Latinos Are More Hopeful After Election, According to New Survey
According to the Pew Research Center, 64 percent of Black and Latino adults said they are now hopeful.
According to a new Pew Research Center survey, Latinos and African Americans are feeling more hopeful and less angry about the country's future since the election. The survey was conducted November 12-17, with the results showing that 44 percent of Latinos and 41 percent of Black respondents saying they remain angry after the presidential election, compared to 67 percent and 72 percent respectively before the election.
In June, 50 percent of Latinos, 48 percent of African Americans, and 45 percent of white respondents said they were hopeful, but this time, 64 percent of Black and Latino adults said they are hopeful — a 14-to-16 percentage point increase.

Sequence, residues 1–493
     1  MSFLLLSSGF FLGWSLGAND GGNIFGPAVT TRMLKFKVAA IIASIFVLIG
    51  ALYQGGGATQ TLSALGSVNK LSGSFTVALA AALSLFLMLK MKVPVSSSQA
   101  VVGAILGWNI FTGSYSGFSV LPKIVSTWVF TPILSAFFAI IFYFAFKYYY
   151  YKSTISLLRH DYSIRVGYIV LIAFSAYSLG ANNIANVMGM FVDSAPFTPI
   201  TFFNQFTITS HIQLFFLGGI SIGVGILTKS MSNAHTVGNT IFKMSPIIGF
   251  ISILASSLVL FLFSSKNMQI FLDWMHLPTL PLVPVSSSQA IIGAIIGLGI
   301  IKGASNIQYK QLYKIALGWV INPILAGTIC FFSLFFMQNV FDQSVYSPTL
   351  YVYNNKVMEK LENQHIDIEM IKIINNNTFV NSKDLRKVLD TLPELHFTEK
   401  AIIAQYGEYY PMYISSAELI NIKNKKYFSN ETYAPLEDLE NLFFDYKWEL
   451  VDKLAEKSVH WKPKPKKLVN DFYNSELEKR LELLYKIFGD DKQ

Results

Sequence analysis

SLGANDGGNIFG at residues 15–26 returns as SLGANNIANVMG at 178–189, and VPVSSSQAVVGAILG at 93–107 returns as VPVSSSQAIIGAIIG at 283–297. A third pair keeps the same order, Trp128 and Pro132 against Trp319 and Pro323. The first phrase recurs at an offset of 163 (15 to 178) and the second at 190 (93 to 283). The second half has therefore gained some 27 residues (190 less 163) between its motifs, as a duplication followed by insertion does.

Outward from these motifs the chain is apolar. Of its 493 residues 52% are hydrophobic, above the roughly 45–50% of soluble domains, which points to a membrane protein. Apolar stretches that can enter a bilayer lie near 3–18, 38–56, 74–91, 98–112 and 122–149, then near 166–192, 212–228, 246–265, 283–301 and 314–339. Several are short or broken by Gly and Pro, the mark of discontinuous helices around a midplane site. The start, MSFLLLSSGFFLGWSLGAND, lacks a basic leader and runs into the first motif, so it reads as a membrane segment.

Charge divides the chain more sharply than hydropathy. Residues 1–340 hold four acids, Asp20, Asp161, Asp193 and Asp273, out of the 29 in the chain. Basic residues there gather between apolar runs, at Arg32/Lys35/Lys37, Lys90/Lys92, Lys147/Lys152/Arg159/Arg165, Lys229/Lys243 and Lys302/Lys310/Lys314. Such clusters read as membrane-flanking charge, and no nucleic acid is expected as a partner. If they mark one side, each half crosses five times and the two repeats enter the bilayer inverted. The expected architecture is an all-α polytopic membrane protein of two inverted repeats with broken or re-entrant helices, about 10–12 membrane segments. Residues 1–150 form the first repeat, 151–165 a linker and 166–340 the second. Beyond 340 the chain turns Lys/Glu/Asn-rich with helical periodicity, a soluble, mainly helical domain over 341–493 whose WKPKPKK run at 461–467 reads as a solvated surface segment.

Meanwhile, the number of white Americans who said in the first survey that they were angry did not shrink as significantly it did for Black and Latino respondents. In June, 72 percent said they feel angry; that number fell to 59 percent last month, with a small increase in the number of white Americans who said they are now hopeful (with about a 5 percentage point upswing).
The survey found that supporters of both President-elect Joe Biden and President Donald Trump experienced change in how they feel about the state of the country now compared to June. Those who voted for Biden feel more hopeful now than registered voters who supported Biden did in June. Fewer Trump supporters said they are now hopeful. Latinos who identify as Democrats or lean Democrat said they are hopeful, increasing from 47 percent to 72 percent. With Latinos who identify as Republican or lean Republican, the number of respondents who said they are hopeful dropped from 63 percent in June to 47 percent in November.